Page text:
Although the appearance of two tropical storms simultaneously aimed at the Louisiana coast launched a torrent of memes, it looks like one has already faded.
According to the latest updates from the National Hurricane Center, Tropical Storm Marco is not expected to cause any weather problems in our region tonight or tomorrow. On the other hand, Tropical Storm Laura is expected to make landfall between southeast Texas and south central Louisiana as a dangerous Category 2 hurricane late Wednesday or early Thursday.
In its 10 p.m. update, the NHC said Marco made landfall around 6 p.m. Monday near the mouth of the Mississippi River. Reports from an Air Force Reserve Hurricane Hunter flight found that the storm was still producing a small area of tropical-storm-force winds over water to the northeast of its center. But since then, Marco has moved almost due west along the coast while its deep convection has become farther displaced from the low-level center. Between the lack of central convection and Marco's proximity to land, it is likely that the winds have decreased since earlier this evening and the intensity has been lowered to 30 knots.
If deep convection does not redevelop overnight, Marco will become a remnant low as soon as Tuesday morning. Regardless of its status, Marco should move generally westward while it weakens for the next day or so. It could continue to produce heavy rain for portions of the north-central Gulf Coast tonight.
The system is forecast to dissipate by early Wednesday, if not sooner.
At the same time, tropical storm conditions and heavy rainfall are expected across central and western Cuba for several more hours as Tropical Storm Laura rakes the island. These rains could cause mudslides and life-threatening flash and urban flooding.
Laura is forecast to reach hurricane status early Tuesday. It is expected to make landfall somewhere along the northwestern Gulf Coast as a hurricane late Wednesday or early Thursday. Even as the storm’s track remains unsettled, storm surge, wind, and rainfall hazards are expected to extend well away from Laura's center along the coast.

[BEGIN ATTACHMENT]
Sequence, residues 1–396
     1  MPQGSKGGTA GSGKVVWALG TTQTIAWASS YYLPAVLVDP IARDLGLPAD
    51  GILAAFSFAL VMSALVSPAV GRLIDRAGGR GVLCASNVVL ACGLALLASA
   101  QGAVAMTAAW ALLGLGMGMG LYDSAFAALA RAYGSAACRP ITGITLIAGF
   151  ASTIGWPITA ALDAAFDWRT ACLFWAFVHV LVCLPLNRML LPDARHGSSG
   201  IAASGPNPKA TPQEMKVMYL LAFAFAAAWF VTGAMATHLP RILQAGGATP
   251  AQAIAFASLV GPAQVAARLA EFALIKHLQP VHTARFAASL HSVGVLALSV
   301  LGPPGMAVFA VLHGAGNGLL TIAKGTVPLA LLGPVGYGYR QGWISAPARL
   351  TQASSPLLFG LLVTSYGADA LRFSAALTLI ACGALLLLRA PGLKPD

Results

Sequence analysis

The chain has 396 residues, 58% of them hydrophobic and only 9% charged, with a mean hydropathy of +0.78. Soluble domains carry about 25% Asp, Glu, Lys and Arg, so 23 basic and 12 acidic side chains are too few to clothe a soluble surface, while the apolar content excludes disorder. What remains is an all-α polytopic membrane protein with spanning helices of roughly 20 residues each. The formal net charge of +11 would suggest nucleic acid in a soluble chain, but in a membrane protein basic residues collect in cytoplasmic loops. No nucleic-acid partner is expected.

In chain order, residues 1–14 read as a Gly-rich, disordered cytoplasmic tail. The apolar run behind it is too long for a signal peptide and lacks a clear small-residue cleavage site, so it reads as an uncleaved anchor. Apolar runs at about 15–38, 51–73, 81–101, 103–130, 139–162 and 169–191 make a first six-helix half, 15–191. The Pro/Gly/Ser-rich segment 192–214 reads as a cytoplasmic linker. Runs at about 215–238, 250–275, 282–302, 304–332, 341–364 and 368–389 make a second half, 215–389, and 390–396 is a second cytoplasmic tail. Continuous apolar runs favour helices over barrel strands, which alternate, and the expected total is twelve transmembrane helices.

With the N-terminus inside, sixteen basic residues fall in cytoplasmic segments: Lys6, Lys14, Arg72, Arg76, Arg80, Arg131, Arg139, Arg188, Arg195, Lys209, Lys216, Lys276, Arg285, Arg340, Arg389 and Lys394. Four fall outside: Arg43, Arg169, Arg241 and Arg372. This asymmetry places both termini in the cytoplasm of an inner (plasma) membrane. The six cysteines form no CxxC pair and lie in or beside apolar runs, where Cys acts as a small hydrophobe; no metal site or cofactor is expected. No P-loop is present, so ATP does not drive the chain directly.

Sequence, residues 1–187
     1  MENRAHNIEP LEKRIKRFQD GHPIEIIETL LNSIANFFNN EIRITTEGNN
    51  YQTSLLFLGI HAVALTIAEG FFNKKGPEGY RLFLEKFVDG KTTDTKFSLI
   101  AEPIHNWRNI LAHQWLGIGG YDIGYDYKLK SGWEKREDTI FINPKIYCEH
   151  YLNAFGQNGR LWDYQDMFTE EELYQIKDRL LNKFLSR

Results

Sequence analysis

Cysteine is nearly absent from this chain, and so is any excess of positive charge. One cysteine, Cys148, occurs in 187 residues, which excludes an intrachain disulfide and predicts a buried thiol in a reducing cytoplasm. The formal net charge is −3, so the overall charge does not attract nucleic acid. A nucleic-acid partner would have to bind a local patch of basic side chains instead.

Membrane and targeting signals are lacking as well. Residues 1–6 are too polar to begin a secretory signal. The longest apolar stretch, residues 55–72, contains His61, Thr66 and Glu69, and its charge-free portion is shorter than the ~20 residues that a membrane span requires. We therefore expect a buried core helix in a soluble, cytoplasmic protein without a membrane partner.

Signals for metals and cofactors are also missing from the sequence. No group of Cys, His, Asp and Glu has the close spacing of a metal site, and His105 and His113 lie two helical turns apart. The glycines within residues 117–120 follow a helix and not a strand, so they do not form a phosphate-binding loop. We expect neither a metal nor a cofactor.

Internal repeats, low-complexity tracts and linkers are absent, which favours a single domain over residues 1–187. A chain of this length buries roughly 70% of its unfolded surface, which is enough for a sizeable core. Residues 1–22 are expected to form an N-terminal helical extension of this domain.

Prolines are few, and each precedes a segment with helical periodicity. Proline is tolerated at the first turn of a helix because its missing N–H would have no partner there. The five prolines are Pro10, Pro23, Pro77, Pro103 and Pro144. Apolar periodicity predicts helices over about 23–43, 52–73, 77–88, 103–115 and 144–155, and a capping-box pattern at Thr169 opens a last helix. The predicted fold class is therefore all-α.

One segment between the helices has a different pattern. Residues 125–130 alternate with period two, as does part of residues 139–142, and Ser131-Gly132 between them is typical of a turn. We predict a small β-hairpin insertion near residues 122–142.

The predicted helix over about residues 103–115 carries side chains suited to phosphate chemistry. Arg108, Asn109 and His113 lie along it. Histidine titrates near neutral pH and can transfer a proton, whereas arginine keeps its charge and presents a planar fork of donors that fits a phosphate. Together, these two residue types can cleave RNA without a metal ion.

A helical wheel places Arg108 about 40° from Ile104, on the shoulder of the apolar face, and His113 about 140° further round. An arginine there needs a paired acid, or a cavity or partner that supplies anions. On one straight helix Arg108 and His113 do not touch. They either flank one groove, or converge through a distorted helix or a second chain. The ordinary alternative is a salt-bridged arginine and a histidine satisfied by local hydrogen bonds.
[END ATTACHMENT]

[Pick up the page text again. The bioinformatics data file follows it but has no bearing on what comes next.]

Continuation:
Forecasters said there is a risk of life-threatening storm surge from San Luis Pass, Texas, to Ocean Springs, Miss., within the next 48 hours. A storm surge watch is in effect for these areas outside of the southeast Louisiana Hurricane and Storm Damage Risk Reduction System. Hurricane conditions are possible by late Wednesday anywhere from Port Bolivar, Texas, to west of Morgan City, with tropical storm conditions possible by Wednesday afternoon. A hurricane watch is in effect, and additional hurricane watches may be needed farther south along the Texas coast if the track forecast shifts toward the south and west overnight and into Tuesday.
According to the NHC’s 10 p.m. update, hurricane force winds will be possible across the region starting late Wednesday and continuing Thursday.
At the coast, storm surge could stack water more than 10 feet above ground level. Depending on where Laura makes landfall, storm surge can back up rivers and bayous and flood over 30 miles inland. Depending on where the rain bands form, the storm is expected to bring 5 to 10 inches of rain, with local amounts of 15 inches possible starting Wednesday into Thursday.
Tornadoes will be possible in the eyewall as the hurricane approaches the coast, as well as outer rain bands starting Wednesday into Thursday.